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An Update on My Experience With Prosper

I wanted to post an update of my experience with Prosper, the peer-to-peer lending network where people can get personal loans or lend money and actually get a better return than at even the best savings accounts.

I wanted to post an update of my experience with Prosper, the peer-to-peer lending network where people can get personal loans or lend money and actually get a better return than at even the best savings accounts.

I’m eight months into my three-year loan with Prosper, and I have no complaints. In fact, I’m quite impressed.

The thing I love most about Prosper is that once my loan was funded and I used the money to pay off my higher interest credit card, I haven’t even thought about that debt. My payments are automatically deducted from my checking account on the first of every month, and that’s it.

Unlike with my credit card debt, Prosper forced me to set a monthly payment and stick with it until my debt is paid off.

As much as I tried before, I always got caught in the trap of being able to make the minimum payments on my credit cards, which got me nowhere. Now I just dream of the day my Prosper loan is paid off and I have several hundred dollars extra in my pocket and one less debt! Woo hoo!

Prosper does have some features for account holders. For example, I receive e-mail statements each month and can easily see how much of my principal has been paid down. I can log in to my Prosper account and grab these at any time.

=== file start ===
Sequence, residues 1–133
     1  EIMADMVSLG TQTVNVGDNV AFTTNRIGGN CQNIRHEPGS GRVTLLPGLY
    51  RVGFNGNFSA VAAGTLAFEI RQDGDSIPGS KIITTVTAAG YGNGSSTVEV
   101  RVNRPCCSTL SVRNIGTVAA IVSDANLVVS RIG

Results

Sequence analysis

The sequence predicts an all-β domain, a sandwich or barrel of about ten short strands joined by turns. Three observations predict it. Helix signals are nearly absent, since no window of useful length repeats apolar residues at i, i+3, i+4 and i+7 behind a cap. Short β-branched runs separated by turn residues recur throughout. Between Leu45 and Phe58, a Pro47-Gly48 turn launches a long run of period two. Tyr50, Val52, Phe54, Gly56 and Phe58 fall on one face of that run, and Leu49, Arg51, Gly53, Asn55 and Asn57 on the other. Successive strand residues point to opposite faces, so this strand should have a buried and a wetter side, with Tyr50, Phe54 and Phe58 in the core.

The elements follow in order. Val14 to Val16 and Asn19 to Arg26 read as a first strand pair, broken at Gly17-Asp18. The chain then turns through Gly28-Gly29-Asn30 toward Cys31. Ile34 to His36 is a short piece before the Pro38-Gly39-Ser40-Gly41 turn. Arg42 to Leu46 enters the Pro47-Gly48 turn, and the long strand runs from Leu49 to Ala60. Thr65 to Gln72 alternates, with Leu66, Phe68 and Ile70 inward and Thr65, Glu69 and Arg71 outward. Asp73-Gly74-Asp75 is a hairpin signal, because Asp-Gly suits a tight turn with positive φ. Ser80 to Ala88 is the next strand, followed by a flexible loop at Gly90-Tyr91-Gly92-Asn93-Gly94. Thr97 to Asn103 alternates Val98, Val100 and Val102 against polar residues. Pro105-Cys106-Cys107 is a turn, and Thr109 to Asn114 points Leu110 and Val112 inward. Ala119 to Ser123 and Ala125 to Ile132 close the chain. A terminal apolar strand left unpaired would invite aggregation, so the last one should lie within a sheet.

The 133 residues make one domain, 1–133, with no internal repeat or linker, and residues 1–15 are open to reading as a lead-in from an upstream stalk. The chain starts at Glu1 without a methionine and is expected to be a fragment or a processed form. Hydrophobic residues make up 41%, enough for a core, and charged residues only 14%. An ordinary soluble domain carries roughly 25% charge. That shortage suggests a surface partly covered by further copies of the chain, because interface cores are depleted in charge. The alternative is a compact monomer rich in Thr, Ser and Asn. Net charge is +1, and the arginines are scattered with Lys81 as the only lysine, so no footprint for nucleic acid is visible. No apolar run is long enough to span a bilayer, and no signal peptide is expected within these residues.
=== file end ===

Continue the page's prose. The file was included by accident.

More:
There is no prepayment with a Prosper loan so if I should come across a big chunk of money (wouldn’t that be nice), I could pay it off in one swoop and save some interest.

Prosper worked great for me to consolidate at a time when I was so maxed out I couldn’t even get a new credit card with a low balance transfer rate. The lenders on Prosper were able to see past my high debt and appreciate my otherwise good credit (on-time payments etc), whereas traditional lenders were not.

The difference, I think, between Prosper and commercial lenders, is that there is a human side to Prosper. Commercial lenders typically use a formula to determine credit-worthiness. You don’t qualify? Too bad. With Prosper, lending decisions are made based upon both creditworthiness and the sense of community fostered by the site.

It’s free whether you decide to borrow or lend, or just look around.

If you’re thinking of borrowing, be sure to check out my 11 tips to help get your prosper loan funded.

Also, tomorrow stay tuned for a new post: Six great uses for a Prosper loan!

About David Weliver

David Weliver is the founding editor of Money Under 30. He's a cited authority on personal finance and the unique money issues we face during our first two decades as adults. He lives in Maine with his wife and two children.